Easy to use

The Amazon Kindle Print interface is easier to use than IngramSpark and their customer service is very good. They also have looser tolerances and do a lot of hand-correcting to files that aren't quite right. So if you're a beginner, it's just easier to go with Amazon KDP first.

Printing ARCs and testing your design

As long as you don't fill in a Publication Date in Kindle Print, your book will remain private and you can print one to five copies for your own use. This is a very good step to take. Order advance copies and make sure your book looks great.

Again, you can print up to five copies of your book with Amazon while it's marked private. But if you need more books to send out as Advanced Reading Copies (ARCs)  for reviewers, you'll probably want to print ARCs at IngramSpark, which offers unlimited ARCs.

Leave the Rest to Ingramspark

So publish and distribute your book using both Amazon KDP and IngramSpark. You'll enjoy a direct relationship with Amazon, which is always good, and you'll get very wide distribution to online retailers and bookstores with IngramSpark.

I always suggest that authors create a hardcover version of their book, at least for launch, because friends and family will want them. IngramSpark can do that, and you can offer these to bookstores at a 53% discount with returns program while enjoying a larger percentage of royalties with the 30% discount for distribution to the online retailers for your paperback.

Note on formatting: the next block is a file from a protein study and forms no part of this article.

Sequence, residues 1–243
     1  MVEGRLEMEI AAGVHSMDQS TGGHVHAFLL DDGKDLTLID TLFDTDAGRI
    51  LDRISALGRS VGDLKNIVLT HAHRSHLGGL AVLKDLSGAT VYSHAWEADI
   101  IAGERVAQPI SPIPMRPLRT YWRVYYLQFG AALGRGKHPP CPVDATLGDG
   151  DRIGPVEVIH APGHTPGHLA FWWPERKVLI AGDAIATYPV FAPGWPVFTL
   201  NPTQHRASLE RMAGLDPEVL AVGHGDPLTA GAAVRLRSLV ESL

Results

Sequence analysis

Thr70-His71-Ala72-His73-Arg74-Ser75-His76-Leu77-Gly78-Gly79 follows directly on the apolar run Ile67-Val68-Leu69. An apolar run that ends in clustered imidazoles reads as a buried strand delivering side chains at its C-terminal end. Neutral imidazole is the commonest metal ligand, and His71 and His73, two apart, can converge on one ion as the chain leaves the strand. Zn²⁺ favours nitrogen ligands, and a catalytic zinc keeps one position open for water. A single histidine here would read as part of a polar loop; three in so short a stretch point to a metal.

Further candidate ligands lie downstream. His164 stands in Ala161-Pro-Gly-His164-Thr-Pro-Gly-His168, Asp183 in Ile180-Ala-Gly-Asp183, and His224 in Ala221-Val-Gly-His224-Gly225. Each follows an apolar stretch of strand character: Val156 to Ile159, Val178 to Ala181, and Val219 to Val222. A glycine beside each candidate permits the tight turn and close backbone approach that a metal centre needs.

Make sure you own your ISBNs so you can change your mind about where to print and distribute any time you like. (See my post on why you should Own Your ISBNs.)

How to Distribute Both Print Books and Ebooks

So that's an introduction to using a combination of Amazon KDP and IngramSpark to distribute your print book. But what about ebooks?

See my post Book Aggregators & Distributors: How Your Book Gets to Your Readers for complete information and a recommended path with a list of aggregators and distributors I trust with your print and ebooks.

That post will show you how your book gets into the mailbox (virtual or physical) of your readers.

I Have a Free Self-Publishing Toolkit for You

Need more self-publishing advice? I've put together a free toolkit with a Consumer's Guide to Writing & Publishing Tools & Services that includes reviews of Amazon Kindle Direct Publishing, IngramSpark, Smashwords, Draft2Digital, B&N Nook, Apple, Google Play, Kobo, and all the other brand names you've heard of and many that you haven't!

I want to help you self-publish well, doing it right the first time and preventing false starts and mistakes that could set you back months. Let's get your book into the hands of your readers as soon as possible!

So grab the Consumer's Guide along with a metadata cheat sheet and book launch checklist, plus a mini-email course on self-publishing. 

Consumers Guide Carla King

I look forward to seeing you in the inbox.

Carla King

Carla King is a travel and technology writer turned author and self-publishing expert. She started self-publishing in 1995 and founded the Self-Pub Boot Camp series of educational books, workshops, and online courses in 2010. She runs the self-publishing and technology track at the San Francisco Writers Conference and a series of online courses at www.selfpubbootcampcourses.com.